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1) If you were going to print a full-color image, which color model would you use?

CMYK Color

2) Which color model should you use for all graphics on the web
RGB Values

3) Is indexed color RGB or CMYK?


4) How many colors can be in a graphic that uses the indexed color mode?


5) On the screen, what is more important to how good an image looks (how well “resolved” it is)—the pixels per inch of the image (such as 72 ppi or 144 ppi) or the bit depth of the monitor?


6) How many colors or shades of gray can an 8–bit graphic display?


7) How many colors can be displayed in a 24–bit graphic?

16.7 million

8) If you have an 8–bit monitor, will you ever see the full color range of 24–bit graphics?


9) How many colors can a 16–bit monitor display?


10) If you set your monitor at a very high pixel count, does everything look larger or smaller, and why?
Smaller, because you are fitting more pixels into the same amount of space, do they have to get smaller.

11) Why can some monitors display more colors when you set a lower pixel count?

12) Write the RGB values for a web-safe color.

00, 51, 102, 153, 204, or 255

13) Write the RGB percentages that would create the same web-safe color in answer #12.
0, 20, 40, 60, 80, or 100

14) Write the hexadecimal code that would create the same web-safe color in answer #13.
00, 33, 66, 99, cc, or f


-Find an example of each of these graphic items. This tour includes concepts from both the color and the graphic definitions chapters.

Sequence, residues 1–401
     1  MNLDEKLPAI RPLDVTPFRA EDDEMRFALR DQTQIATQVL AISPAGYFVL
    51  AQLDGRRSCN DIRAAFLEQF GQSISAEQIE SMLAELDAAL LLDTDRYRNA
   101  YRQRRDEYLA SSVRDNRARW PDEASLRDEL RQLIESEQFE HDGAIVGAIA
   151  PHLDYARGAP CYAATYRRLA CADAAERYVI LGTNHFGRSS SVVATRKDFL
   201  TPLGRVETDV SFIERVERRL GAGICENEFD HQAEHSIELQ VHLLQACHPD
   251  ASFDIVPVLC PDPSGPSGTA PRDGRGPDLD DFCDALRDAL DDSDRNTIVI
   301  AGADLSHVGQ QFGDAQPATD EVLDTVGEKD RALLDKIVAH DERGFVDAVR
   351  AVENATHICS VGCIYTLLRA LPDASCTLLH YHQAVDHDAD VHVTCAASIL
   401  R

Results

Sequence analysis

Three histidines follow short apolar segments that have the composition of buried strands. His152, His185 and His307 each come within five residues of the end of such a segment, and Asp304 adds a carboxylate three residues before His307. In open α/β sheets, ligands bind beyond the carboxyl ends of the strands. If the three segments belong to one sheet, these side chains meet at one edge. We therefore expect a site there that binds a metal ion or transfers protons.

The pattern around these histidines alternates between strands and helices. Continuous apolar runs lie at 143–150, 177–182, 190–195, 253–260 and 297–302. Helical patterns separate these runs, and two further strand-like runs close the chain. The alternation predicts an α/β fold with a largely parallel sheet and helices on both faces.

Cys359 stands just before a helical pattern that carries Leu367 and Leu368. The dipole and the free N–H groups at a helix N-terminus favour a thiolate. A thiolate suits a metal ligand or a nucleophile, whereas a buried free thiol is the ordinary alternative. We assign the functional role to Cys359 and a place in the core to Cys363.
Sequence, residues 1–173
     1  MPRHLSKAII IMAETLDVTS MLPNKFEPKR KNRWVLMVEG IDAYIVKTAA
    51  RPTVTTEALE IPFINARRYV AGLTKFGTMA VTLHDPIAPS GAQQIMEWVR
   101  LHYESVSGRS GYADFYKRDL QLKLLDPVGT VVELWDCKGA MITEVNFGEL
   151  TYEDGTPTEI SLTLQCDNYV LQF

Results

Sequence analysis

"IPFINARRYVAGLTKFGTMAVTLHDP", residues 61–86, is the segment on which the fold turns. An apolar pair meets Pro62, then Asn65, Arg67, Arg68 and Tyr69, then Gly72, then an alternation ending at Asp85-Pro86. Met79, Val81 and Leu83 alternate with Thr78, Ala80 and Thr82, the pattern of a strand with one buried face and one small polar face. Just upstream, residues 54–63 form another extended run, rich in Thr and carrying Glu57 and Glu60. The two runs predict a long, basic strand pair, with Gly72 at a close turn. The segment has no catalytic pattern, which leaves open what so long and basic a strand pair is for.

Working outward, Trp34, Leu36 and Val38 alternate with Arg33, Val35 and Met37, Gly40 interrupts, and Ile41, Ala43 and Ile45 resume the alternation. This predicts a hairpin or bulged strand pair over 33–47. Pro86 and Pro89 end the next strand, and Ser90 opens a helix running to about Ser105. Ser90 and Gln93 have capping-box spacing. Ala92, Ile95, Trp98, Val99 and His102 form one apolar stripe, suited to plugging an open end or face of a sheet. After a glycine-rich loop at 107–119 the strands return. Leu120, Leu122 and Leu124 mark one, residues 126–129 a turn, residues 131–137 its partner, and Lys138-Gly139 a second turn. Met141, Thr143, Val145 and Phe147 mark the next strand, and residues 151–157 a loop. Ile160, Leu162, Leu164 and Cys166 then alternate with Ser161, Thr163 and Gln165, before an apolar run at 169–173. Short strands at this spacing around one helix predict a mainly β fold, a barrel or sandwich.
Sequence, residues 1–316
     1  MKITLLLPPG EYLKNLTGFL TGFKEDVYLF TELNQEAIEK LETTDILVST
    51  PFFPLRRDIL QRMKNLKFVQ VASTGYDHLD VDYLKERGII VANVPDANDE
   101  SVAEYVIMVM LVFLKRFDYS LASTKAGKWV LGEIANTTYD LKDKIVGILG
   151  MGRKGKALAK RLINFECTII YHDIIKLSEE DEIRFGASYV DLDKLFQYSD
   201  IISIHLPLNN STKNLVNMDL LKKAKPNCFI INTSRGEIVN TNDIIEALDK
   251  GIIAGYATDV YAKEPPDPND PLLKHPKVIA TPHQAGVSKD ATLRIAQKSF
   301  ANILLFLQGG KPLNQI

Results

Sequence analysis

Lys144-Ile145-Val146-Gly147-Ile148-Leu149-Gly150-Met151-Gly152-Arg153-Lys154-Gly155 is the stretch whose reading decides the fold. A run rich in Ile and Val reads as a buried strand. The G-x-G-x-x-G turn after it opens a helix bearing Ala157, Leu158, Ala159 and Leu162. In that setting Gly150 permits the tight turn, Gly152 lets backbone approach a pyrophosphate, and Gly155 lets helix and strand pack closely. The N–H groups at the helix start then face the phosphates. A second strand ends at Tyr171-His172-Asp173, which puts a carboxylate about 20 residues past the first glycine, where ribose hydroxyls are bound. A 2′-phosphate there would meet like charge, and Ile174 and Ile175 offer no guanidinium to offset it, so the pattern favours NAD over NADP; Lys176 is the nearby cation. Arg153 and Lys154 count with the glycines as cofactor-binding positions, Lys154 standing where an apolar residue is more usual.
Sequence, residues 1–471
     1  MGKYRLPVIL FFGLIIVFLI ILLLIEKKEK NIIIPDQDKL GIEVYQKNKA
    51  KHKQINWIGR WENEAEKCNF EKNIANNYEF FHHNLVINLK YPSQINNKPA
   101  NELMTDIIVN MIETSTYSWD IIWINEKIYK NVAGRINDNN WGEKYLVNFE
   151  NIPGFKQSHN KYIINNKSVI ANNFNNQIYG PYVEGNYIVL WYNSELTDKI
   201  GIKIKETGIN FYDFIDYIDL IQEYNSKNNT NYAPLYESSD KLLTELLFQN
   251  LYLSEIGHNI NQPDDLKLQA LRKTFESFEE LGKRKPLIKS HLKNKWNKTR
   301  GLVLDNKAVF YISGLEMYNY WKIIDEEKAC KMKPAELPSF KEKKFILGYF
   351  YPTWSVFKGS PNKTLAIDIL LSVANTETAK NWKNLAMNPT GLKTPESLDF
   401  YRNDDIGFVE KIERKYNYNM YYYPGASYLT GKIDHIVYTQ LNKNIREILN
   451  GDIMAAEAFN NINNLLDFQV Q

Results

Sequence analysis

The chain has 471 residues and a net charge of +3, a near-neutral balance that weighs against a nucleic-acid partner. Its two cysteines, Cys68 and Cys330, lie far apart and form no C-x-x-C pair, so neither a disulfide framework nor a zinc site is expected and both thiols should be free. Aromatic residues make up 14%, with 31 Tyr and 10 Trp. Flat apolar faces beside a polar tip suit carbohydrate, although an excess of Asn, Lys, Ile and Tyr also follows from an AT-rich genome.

-A graphic or background with colors that dither.
(If you have a monitor with fewer than 256 colors, everything is probably dithered. If you have a monitor displaying thousands or millions of colors, you probably won't find anything dithered. In that case, change your monitor to 256 colors or fewer so you can see what others might see with an older monitor.)

-An interlaced GIF image. How do you know it is interlaced?

-A JPEG image. What makes you think it's a JPEG?

-A graphic with text that is not anti-aliased, or a graphic image that is itself not anti-aliased.

-A thumbnail image that is linked to a larger version of the same image. Did the designer tell you how big the larger file is?

-An image map. Did the designer include an alternate navigation bar in case the image map wouldn't work on your browser, or in case you are browsing with your graphics off?

-A graphic file that takes so long to download you don't have the patience to wait for it (unless you have a very fast connection so you don't notice).

-A useless graphic that doesn't add to the content, the communication, or the aesthetic value of the page.

-Turn off the graphics in your browser. Go to some new pages you haven't seen yet. Are there alternate labels that tell you what the unloaded graphic is? If the unloaded graphics are links to other pages, are there alternate labels that tell you where the link will take you?

-Keep your eyes open for progressive JPEGS. You should be using a current browser.


For questions 1 through 4, choose which of the following images would be best saved as JPEGS or as gifs—circle your choice. State the reason why.

1) JPEG- subtle changes in color.

2) GIF- one subtle color. 

3) GIF- text as graphic.

4) GIF- text as graphic.

5) Unlimited color is not an advantage of a GIF file.

6) Lossless compression is not an advantage of a JPEG file.

7) Smaller file size is not an advantage of anti-aliasing. 

8) One would use alt labels to in order to see the label before the image loads and also for readers used by those who are blind.

9) It takes two separate graphic files to create the thumbnail-to-larger-image concept.